Last week, the City Council’s Development Committee — consisting of Mayor Jason Gibbs and Councilwoman Laurene Weste — received a presentation from city planners on a proposed 128-unit, 100% affordable housing complex to be built at the intersection of Flying Tiger Drive and Sierra Highway.
City planners informed the two council members that the project does not meet several city standards. For example, the city’s zoning map would allow 71 units on the property. They’re going to build 128, whether the city likes it or not.
And, it’s not even subject to review by the city Planning Commission or the City Council. As an affordable housing project, the state has ruled that it and others like it throughout California will now be approved “by right,” without being subject to review by local government and without being subject to the California Environmental Quality Act, so long as they meet certain state criteria.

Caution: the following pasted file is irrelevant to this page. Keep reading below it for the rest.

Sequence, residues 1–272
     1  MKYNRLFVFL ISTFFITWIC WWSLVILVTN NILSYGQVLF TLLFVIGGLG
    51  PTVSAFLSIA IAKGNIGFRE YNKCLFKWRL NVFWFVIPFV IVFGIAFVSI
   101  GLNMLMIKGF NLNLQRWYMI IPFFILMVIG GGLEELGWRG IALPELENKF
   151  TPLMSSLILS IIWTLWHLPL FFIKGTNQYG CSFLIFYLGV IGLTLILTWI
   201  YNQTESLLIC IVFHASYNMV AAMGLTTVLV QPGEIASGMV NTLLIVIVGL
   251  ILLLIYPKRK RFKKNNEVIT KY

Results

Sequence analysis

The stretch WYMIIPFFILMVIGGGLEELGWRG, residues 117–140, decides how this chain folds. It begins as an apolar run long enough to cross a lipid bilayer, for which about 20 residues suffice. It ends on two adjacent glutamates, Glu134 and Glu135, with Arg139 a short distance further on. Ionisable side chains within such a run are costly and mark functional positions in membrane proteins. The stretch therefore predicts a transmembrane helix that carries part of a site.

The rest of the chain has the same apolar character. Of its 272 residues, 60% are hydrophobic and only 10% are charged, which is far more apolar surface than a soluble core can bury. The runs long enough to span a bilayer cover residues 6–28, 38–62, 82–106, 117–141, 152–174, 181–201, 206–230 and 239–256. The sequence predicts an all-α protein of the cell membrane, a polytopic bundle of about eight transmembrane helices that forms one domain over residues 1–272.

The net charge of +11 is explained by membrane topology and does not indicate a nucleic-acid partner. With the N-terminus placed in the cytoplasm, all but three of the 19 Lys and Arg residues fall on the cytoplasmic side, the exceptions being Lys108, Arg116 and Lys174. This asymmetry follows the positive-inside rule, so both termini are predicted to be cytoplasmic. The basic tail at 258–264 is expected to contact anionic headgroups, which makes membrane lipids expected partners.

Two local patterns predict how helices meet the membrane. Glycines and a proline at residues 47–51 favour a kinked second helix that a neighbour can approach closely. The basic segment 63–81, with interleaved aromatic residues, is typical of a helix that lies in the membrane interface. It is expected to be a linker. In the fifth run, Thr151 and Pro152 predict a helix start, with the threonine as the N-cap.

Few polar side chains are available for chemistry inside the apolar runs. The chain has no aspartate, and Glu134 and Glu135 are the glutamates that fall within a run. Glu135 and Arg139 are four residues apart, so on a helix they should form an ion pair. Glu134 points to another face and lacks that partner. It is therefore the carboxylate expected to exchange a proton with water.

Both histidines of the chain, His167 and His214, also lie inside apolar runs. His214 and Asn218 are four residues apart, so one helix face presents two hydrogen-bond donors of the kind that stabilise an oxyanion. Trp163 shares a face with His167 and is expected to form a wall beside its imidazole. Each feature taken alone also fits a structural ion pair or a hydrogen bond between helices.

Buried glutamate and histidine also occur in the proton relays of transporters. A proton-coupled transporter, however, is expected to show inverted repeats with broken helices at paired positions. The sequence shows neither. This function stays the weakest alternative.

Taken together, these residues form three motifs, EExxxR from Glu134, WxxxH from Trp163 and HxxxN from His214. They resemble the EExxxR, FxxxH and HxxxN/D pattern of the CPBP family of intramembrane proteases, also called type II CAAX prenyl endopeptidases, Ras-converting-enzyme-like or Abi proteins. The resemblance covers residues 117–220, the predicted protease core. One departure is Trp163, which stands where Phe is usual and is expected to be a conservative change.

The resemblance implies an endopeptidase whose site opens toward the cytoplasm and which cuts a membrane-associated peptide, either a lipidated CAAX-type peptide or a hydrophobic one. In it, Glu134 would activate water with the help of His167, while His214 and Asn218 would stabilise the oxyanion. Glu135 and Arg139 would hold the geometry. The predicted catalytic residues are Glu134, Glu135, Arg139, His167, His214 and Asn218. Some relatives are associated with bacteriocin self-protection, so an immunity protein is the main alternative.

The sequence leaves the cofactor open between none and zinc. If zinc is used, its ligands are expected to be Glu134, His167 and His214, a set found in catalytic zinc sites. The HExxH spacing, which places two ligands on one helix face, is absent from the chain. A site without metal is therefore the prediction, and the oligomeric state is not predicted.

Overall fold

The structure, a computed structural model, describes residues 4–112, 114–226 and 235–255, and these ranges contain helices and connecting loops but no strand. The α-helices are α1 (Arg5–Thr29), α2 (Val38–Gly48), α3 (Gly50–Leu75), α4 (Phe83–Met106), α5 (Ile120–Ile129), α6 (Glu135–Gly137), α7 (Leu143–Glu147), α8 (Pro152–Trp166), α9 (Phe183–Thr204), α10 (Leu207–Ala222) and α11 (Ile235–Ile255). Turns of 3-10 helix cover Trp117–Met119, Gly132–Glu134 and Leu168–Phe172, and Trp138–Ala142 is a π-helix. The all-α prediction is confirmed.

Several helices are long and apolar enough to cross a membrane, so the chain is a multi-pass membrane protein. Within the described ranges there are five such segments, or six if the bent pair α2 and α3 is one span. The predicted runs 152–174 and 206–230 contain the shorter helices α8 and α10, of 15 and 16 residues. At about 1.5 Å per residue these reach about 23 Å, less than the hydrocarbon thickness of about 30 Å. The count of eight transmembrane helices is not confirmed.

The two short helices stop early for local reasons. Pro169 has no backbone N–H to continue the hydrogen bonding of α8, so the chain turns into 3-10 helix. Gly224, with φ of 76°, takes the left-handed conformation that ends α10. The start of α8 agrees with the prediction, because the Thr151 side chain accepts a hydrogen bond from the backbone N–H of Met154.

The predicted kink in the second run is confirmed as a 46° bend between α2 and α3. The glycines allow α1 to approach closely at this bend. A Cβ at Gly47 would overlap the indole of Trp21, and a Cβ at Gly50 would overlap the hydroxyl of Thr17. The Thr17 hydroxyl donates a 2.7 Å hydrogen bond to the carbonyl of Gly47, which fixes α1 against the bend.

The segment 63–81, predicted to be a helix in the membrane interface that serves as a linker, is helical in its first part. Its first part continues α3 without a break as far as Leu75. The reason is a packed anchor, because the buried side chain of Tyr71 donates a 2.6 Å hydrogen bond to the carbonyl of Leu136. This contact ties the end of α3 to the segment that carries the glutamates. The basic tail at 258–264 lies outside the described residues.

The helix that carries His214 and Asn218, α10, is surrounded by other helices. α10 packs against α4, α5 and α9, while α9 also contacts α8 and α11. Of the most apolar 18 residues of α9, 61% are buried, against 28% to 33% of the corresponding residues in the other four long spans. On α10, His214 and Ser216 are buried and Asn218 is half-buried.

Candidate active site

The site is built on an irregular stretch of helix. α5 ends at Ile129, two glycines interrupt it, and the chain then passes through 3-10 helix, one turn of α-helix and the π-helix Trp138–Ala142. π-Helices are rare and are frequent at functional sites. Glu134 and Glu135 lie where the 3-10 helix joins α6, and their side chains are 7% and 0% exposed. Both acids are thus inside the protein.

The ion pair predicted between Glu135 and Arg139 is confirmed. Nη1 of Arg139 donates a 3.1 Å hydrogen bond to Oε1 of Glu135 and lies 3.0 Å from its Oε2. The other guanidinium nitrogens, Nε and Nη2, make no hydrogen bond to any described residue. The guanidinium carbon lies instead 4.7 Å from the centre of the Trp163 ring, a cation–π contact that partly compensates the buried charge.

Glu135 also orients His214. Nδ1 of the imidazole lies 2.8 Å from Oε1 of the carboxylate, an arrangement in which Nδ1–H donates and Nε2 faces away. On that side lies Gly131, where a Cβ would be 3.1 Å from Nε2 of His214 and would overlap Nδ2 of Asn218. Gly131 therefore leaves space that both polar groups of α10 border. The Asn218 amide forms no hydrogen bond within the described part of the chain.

Yes. The political party that’s supposedly most concerned about the environment has tossed aside CEQA, so long as it’s in the name of affordable housing.
“If this was not an affordable housing project, or if these laws did not apply, it would be subject to review by the Planning Commission as a conditional use permit,” Senior Planner Dave Peterson said of the Flying Tiger Drive project. “But in this case, the state law prohibits the review and approval by the Planning Commission. So, it’s not reviewed by them and not by the City Council.”